Made in the USA: The Rise and Retreat of American Manufacturing by Vaclav Smil (review)
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Made in the USA: The Rise and Retreat of American Manufacturing. By Vaclav Smil. (Cambridge, Mass.: Massachusetts Institute of Technology Press, 2013. Pp. 256. $27.95 cloth)

Americans now inhabit a “new world of ‘Made in China’ and sold by Walmart,” in the process abandoning much domestic manufacturing (p. 136). Vaclav Smil shows how the United States traded factories for Facebook through a historical account of the rise and fall of manufacturing and transition to a service economy. Smil argues that “manufacturing became … a fundamental force in creating and advancing the United States’ economic, strategic, and social might” (p. vii). Yet the manufacturing prowess that propelled the United States to global hegemony is under duress, the loss of which greatly imperils the nation.

The core of the book consists of three sections. The first analyzes the tremendous growth of manufacturing between 1865 and 1940, giving much of the credit to individual entrepreneurs for the inventions and manufacturing processes that would make the twentieth century the American century. While much of the story is familiar, Smil includes important insights into the technological advances during the Great Depression that paved the way for the birth of a mass [End Page 130] consumption society after World War II, particularly in the plastics, film, and airline industries. The climax of American manufacturing hegemony is the subject of the second section, covering the years from 1941 to 1973. World War II saw not only the consolidation of the military-industrial complex but also the birth of the computer age. While mass consumption has dominated historians’ interpretations of the postwar economy and society, Smil also describes the lesser-known story of the growth of automation, computers, and microchips. The last section analyzes the retreat of American manufacturing since 1973, focusing in particular on energy scarcity, growth of global competitors, corporate blunders (particularly in the automobile industry), domestic economic challenges, and outsourcing, all of which have devastated the industrial economy. After narrating the rise and fall, Smil then assesses the current atrophied state of manufacturing, provocatively asking, “Should anything be done?” (p. 180). Surveying the prospects for a resurgence of American manufacturing, Smil argues that the chances are “no higher than even” (p. 209).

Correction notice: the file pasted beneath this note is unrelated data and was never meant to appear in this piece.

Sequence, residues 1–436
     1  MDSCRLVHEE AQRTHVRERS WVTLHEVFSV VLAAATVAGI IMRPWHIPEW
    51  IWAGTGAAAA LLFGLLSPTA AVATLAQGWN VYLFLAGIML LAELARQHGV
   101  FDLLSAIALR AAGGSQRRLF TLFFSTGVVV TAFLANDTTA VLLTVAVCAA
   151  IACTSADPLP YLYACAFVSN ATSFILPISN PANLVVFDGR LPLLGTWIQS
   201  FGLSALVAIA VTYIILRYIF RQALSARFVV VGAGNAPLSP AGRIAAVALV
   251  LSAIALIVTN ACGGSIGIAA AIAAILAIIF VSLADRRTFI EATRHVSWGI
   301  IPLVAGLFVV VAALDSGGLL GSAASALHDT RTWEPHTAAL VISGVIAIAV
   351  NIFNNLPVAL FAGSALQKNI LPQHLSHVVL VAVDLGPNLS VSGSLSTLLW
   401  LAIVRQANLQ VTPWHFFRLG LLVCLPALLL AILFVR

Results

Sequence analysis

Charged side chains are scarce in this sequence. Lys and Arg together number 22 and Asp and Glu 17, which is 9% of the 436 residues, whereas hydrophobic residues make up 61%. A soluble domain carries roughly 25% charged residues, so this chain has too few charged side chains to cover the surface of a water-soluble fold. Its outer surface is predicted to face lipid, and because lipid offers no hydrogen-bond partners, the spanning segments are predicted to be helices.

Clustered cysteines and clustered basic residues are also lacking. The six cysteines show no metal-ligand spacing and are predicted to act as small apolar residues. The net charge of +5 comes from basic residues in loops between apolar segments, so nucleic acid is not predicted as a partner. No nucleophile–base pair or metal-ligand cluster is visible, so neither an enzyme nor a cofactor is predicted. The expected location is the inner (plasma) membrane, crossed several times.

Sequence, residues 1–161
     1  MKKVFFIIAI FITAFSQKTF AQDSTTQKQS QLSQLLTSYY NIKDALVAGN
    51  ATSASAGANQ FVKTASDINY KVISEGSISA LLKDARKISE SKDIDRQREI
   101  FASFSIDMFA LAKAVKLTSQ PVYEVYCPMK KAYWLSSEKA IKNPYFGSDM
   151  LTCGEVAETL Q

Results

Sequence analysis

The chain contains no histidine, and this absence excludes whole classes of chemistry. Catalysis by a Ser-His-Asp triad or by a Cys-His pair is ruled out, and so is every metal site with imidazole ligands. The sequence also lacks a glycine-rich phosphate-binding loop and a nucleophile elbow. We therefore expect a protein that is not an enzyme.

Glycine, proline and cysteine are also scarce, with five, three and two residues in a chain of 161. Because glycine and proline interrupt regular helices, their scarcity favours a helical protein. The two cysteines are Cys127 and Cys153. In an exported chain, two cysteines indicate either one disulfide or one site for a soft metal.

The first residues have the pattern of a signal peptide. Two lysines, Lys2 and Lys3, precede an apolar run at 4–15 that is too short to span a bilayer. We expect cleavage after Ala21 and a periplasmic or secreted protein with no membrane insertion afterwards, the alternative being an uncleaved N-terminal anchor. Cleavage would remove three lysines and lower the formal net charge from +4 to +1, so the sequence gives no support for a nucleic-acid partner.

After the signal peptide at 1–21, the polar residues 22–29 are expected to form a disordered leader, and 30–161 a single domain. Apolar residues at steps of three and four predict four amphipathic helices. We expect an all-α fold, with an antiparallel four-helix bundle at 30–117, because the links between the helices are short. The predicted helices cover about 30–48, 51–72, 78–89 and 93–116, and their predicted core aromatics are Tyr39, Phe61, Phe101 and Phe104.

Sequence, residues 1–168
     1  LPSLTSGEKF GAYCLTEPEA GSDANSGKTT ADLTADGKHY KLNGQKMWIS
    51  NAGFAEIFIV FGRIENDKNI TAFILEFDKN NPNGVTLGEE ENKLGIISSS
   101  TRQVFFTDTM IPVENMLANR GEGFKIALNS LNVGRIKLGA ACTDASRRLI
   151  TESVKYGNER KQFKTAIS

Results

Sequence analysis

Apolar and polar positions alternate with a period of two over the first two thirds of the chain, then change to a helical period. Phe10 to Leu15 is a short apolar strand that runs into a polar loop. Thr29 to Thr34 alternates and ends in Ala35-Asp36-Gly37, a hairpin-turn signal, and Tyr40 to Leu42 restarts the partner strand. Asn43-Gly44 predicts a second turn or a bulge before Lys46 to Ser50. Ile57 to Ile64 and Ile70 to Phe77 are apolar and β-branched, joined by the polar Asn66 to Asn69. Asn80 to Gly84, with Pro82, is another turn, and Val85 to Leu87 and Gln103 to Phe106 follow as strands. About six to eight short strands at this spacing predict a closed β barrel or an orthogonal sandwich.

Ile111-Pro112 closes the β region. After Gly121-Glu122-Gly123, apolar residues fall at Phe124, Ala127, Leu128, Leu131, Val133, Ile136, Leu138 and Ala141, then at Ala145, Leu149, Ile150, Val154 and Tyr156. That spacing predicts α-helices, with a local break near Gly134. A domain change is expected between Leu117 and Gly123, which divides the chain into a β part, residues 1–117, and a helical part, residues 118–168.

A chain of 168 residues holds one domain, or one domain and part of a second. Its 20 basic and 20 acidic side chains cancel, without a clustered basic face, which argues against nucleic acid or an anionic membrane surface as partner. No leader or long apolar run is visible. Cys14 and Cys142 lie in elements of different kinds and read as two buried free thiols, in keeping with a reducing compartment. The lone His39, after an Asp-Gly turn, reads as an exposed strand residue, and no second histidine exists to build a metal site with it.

In recent years, historians have produced a body of work examining deindustrialization in the twentieth-century United States. Smil’s greatest contribution is demonstrating the technological foundations of the rise and decline. What is unique is the extent to which Smil argues that America’s economic and social fortunes are tied to the health of manufacturing. Most importantly, Smil eschews simplistic explanations of the decline of manufacturing, finding that labor costs, regulations, management strategy, or globalization alone do not explain the precipitous descent. The complexity also suggests that solutions to the malaise will not be simple either, and Smil avoids making pointed policy prescriptions. Particularly effective is Smil’s discussion of the manufacture of high-tech products. While the United States pioneered the computer age, it failed to hold that dominance in manufacturing the components, instead relying on foreign production.

An interdisciplinary scholar with a long track record of books examining the intersection of science, technology, and society, Smil [End Page 131] effectively marshals an encyclopedic array of data to back up his claims, bringing a scientist’s analytical rigor to bear on the subject, while remaining eminently readable. Smil’s expertise in energy consumption, in particular, shines in this book, as his argument that cheap energy fueled industrialization and rising energy prices in the 1970s contributed to the decline, is compelling. Made in the USA suffers from minor problems of organization and cohesion, as Smil’s propensity to deploy lists of statistics leads to a disjointed narrative. Some scholars will find Smil’s technological determinism frustrating, but others will agree that it provides a refreshing approach to a topic that is often mired in clichés. This is an accessible and important work for scholars and general readers alike.

Brandon M. Ward

BRANDON M. WARD is a PhD candidate in history at Purdue University writing a dissertation on environmental activism in post–World War II Detroit.

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